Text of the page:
Until now, National Park Service staffers had one of the more uplifting duties in the federal government. They introduce visitors to the spectacle of the Grand Canyon, the solemnity of the Gettysburg battlefield, the awesomeness of Mount Rushmore.
The men and women of the Park Service oversee sites ranging from the Lincoln Memorial to gloriously scenic wilderness areas. The service’s historians help tell the story of the nation in its fullness and complexity.
Yet look at the position they’ve been put in by irresponsible directives from Washington.
With decisions by the Obama administration, Park Service personnel are now the bad guys, ordered to deny the public access to sites that common sense dictates should have remained accessible regardless of the partial federal shutdown. One prime example is the World War II Memorial in Washington, D.C.
It’s preposterous that the World War II Memorial, as well as showcase sites such as the Statue of Liberty and Mount Rushmore, were closed to the public because of a Congress that can’t act responsibly and an administration that goes out of its way to maximize frustrations for average Americans.
It’s preposterous, too, that state governments are having to use their own funds to reopen some sites.
New York state is paying $61,600 a day from its tourism budget to open the Statue of Liberty. South Dakota and several corporate donors worked out a deal to reopen Mount Rushmore, while Arizona agreed to pay the Park Service to keep the Grand Canyon open for seven days.
That’s quite a commentary on both the dysfunction in Washington and the way states generally are far more prudent than the federal government when it comes to handling money.
The public deserves to know who in the Obama administration imposed the nonsensical rules that imposed these roadblocks and needlessly turned the Park Service from a help to a hindrance.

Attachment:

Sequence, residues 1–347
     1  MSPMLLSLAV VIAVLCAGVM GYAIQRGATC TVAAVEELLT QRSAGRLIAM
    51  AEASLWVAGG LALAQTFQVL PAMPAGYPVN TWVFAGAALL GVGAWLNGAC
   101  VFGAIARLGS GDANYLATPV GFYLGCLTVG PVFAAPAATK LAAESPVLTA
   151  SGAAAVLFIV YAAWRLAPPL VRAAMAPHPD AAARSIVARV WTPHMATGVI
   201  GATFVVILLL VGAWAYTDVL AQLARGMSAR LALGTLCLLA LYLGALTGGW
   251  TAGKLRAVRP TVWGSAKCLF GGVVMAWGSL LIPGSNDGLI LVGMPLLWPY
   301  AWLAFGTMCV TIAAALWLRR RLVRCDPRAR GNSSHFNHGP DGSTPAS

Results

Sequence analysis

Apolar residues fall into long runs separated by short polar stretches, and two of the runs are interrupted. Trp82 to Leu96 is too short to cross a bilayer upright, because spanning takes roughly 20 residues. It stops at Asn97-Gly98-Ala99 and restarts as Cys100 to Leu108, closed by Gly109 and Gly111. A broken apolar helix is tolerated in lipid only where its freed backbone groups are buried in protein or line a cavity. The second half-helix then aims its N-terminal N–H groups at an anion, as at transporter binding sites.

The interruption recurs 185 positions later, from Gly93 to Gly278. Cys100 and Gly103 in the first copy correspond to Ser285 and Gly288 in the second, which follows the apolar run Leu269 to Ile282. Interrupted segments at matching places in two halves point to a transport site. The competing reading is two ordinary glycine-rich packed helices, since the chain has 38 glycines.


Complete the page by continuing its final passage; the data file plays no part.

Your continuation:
If a site involves considerable staffing, then it probably would have to close when funding is temporarily cut off. But certainly not the World War II Memorial. It’s a street-level plaza where barricades never made an appearance until now.
Not Mount Vernon, George Washington’s home, which the Park Service mistakenly tried to close before reversing course after learning that it’s owned by a nonprofit organization.
And not the Skyline Drive, a scenic highway in Virginia, which the feds needlessly closed, preventing visitors from enjoying some of the grandest views in the Southern Appalachians.
Gale Norton, who was secretary of the Interior under President George W. Bush, rightly labeled such antics as “political grandstanding.” She also notes that this is not the first time the National Park Service has been used as a tool during budget battles over the decades.
In the days since the partial federal shutdown began, we wouldn’t be surprised if somewhere out in America — at a fishing spot perhaps, or at an overlook, or along a scenic area — some weary man or woman in a Park Service uniform has said, “Oh, what the heck,” and waved in a family so they could enjoy the site.
What an act of common sense that would be. And what a contrast to the failure of leadership and judgment we’re now seeing from our elected leaders in Washington.